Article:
History of the Military Band
Sixty years of History (1957-2017)
The military war band of the Gimnasio Moderno is sixty years old. It was the product of a vision that its creators had at the beginning of the year 1957, when we suggested to Teacher Bein the possibility of using the instruments that already existed at that time, and which included some drums, trumpets, a pair of cymbals, two pairs of triangles and one bass drum.
These instruments were part of many others that in the year 1940 served a music band in which the Teacher played the clarinet, and which lasted many more years with students who were part of it as others got graduated from high school.
I remember, in the year 1948/49, a couple of performances of it in the theater on the second floor of the main building, where we met every Monday to listen to Mister Agustín’s opening words for the week.
This music band was dissolved around 1950, but its memory is very vague for me. What I do remember is that on the 29th of June 1948, with the people who celebrated the first communion, back then and for many more years with a ceremony in the church of Cristo Rey, gathered around the rock of the racket, next to the flagpole, the high school students entered it parading to the martial tone of a band not properly military, led by one of the trumpet players of the musical group, who served as drum major, but without the staff. The photo below shows this band, taken from a movie of that time which was shot by dad (a bit blurred because of the age of the movie, but absolutely historical).
In the year of 1956, quite some time later, entering one of the “secret” rooms of the main building with some curious fifth-grade companions, we found all the musical instruments of the original 1940 band: clarinets, horns, one trombone, one tuba, two horns, three trumpets and I don’t know what else. We encouraged the Teacher and the result was the formation of a music band, where I usde to play the trumpet.
Two teachers came, one for the wooden isntruments and the other for the brass instruments, and we started one rehearsal to compose a piece where all the instruments would fit.
Two or three months later, the Teacher made an exam, and concluded that it was the band that produced the best noise in its entire history. Of course that was the end of the group
But the restlessness continued, and that was how at the beginning of the year 1957 (I was in sixth grade), with Luis Eduardo Laverde and Jaime Granja who were in fifth grade at the time, we again insisted to the Teacher that we had to form a band, but now it would be a military band !!!!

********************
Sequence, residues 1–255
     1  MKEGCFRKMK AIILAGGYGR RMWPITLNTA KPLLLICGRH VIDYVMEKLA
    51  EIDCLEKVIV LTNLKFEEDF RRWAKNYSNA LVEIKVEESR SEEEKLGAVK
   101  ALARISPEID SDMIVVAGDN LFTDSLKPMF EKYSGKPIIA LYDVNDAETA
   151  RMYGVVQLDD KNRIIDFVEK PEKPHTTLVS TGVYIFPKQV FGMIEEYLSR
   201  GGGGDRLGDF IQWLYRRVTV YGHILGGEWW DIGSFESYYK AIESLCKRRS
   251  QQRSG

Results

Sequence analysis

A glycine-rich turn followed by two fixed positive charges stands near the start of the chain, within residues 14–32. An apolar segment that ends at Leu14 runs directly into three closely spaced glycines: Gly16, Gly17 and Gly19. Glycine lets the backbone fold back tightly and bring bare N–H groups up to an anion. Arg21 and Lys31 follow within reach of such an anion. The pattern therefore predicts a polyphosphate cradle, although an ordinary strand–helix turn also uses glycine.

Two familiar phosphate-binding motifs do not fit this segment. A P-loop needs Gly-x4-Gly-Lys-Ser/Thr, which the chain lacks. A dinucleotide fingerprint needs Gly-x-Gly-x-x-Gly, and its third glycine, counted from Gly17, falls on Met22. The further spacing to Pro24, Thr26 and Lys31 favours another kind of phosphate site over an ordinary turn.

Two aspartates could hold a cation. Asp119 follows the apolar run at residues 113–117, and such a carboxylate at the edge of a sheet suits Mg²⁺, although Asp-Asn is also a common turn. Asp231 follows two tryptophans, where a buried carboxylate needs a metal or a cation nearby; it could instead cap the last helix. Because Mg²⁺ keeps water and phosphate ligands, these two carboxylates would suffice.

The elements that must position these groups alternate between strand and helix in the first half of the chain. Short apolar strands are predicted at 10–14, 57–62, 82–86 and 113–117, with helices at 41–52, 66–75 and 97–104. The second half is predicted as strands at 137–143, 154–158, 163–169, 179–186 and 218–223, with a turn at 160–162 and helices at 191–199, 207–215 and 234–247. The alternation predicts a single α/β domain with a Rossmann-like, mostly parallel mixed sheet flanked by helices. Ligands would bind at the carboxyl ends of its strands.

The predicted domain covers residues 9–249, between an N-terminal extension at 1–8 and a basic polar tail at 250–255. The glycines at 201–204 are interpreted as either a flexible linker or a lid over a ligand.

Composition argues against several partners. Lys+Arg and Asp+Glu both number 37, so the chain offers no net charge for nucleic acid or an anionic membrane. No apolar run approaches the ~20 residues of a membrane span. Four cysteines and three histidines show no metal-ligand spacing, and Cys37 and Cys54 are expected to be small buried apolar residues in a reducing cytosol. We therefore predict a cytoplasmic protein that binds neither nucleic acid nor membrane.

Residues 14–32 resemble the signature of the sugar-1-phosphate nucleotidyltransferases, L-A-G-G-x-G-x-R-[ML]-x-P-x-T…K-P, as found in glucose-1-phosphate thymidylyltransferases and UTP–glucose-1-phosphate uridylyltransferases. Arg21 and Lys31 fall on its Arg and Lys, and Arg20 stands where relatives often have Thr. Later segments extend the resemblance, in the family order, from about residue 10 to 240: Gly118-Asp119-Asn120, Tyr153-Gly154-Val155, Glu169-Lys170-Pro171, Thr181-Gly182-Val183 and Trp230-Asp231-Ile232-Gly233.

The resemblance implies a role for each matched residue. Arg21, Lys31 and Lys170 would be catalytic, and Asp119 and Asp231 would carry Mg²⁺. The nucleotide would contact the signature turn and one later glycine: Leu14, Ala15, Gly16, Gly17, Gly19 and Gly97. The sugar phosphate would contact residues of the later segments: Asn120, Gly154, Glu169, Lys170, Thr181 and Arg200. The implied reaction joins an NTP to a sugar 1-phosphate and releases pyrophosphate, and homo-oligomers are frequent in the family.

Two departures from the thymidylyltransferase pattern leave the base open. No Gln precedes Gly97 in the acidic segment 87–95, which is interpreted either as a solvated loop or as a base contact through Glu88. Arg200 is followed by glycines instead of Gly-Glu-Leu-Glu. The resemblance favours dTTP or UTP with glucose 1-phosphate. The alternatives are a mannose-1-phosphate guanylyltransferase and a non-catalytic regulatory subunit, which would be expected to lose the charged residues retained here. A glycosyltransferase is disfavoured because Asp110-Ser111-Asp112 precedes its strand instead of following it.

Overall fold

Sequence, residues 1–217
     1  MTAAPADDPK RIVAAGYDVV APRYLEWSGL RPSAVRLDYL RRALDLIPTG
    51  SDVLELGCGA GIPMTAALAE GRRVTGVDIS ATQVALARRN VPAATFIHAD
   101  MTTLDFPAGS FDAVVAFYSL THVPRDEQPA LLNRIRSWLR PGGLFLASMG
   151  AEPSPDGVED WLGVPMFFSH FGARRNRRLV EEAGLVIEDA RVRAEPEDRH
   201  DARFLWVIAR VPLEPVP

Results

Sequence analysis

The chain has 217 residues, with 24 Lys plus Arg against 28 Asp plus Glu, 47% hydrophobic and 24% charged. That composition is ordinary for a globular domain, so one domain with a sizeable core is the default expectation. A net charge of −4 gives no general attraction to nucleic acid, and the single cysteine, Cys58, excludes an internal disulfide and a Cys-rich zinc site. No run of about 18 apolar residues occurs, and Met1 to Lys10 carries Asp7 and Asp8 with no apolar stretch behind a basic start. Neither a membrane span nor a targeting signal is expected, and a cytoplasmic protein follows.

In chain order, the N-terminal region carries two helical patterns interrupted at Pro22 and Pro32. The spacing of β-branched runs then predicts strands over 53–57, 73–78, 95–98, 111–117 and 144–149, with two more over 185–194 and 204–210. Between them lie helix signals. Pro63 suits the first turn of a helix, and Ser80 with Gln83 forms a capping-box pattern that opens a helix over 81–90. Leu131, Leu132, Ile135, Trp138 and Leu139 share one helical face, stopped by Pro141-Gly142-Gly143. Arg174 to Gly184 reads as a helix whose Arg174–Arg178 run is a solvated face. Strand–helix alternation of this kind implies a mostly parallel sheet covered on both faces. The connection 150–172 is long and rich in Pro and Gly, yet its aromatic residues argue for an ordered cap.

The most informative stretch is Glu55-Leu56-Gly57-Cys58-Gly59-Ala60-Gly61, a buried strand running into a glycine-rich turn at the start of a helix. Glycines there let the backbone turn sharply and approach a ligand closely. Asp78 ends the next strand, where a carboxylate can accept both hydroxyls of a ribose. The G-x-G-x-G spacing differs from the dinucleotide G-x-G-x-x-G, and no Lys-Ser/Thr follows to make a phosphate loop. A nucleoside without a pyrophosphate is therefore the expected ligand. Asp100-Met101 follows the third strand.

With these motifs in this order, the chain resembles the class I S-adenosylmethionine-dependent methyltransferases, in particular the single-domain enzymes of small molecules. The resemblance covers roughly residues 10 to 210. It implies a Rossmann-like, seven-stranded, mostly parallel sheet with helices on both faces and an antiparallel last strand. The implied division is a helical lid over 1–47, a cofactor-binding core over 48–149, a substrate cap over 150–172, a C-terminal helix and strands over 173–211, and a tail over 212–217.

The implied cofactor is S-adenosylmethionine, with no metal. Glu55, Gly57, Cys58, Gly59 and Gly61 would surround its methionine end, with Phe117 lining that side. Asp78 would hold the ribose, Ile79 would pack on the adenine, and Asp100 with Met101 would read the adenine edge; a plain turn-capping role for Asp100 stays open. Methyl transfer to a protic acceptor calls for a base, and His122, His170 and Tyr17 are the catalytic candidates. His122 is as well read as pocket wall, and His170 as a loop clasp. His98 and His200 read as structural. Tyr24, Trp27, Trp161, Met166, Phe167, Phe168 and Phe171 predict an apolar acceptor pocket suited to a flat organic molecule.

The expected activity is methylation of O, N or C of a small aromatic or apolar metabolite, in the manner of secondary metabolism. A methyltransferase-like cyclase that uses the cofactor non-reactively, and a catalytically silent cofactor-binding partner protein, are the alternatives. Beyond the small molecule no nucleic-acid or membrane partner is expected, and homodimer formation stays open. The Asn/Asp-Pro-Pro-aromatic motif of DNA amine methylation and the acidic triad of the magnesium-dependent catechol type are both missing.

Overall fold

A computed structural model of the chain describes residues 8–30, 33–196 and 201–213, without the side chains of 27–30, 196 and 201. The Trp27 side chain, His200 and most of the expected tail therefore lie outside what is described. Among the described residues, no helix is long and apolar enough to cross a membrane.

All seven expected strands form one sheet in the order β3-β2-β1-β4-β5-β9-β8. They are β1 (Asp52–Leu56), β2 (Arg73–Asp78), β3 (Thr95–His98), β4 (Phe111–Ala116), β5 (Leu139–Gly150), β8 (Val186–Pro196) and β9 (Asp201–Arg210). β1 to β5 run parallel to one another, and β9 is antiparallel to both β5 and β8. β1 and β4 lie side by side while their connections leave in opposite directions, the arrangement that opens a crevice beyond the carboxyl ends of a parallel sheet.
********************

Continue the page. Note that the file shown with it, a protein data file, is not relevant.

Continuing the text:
As a more important argument we had that, in addition to the school deserving a military band, every 20th of July, we marched from the Plaza de Bolívar to the round point of Puente Aranda, and, as we did not have a band, the compass had to be set listening to the other people marching. This caused that those who were at the head of the school to have the pace of the band that was in the front, and those behind marked the pace with the one that preceded us. There was always a bit of a mess.
The arguments were enough, and the first military band was formed, with the major drum led by Luis Eduardo Laverde, and the other members as follows: Drums and bass drum: Guillermo Camacho, Carlos Casabianca, Ismael Blanco, Armando Bonilla and Ricardo Martinez; cornets: Eliseo Lopez, German Guerrero, the undersigned, Juan Manuel Tamayo, Jaime Granja and Jorge Marin; triangles: Camilo Arciniegas and German Duarte; and, Cymbals: Alvaro Restrepo.
The first march rehearsal for the parade of the 20th of July 1957, was made with the high school walking to the sound of two drums we played with Ismael Blanco, standing in the middle of the meadow, so that everyone could hear how it would sound our pace. It is worth pointing out that we did not have a teacher and we played by ear.
The official parade was triumphant; We were really pleased to be able to mark our own pace, and the enthusiasm reached the point that, as a band, and after marching for several hours, we finally decided to go one more time to the round point Puente Aranda. But those who were marching behind us did not want it that way, and, while we played drums, cornets and cymbals marching around the bridge, the others left, dissolving later. My first and last trumpet demonstration in public, we did it while being abandoned by our own followers. A story to tell.
Today, the band makes me proud, not because it is numerous, wins awards and plays really well, which is also a pride, but because it is the result of an idea that we carry out with passion and joint effort, and which shows that to achieve things, you just need a strong desire.
ALBERTO CARRIZOSA ALAJMO
Bogotá, May 30 2017
This post is also available in: Spanish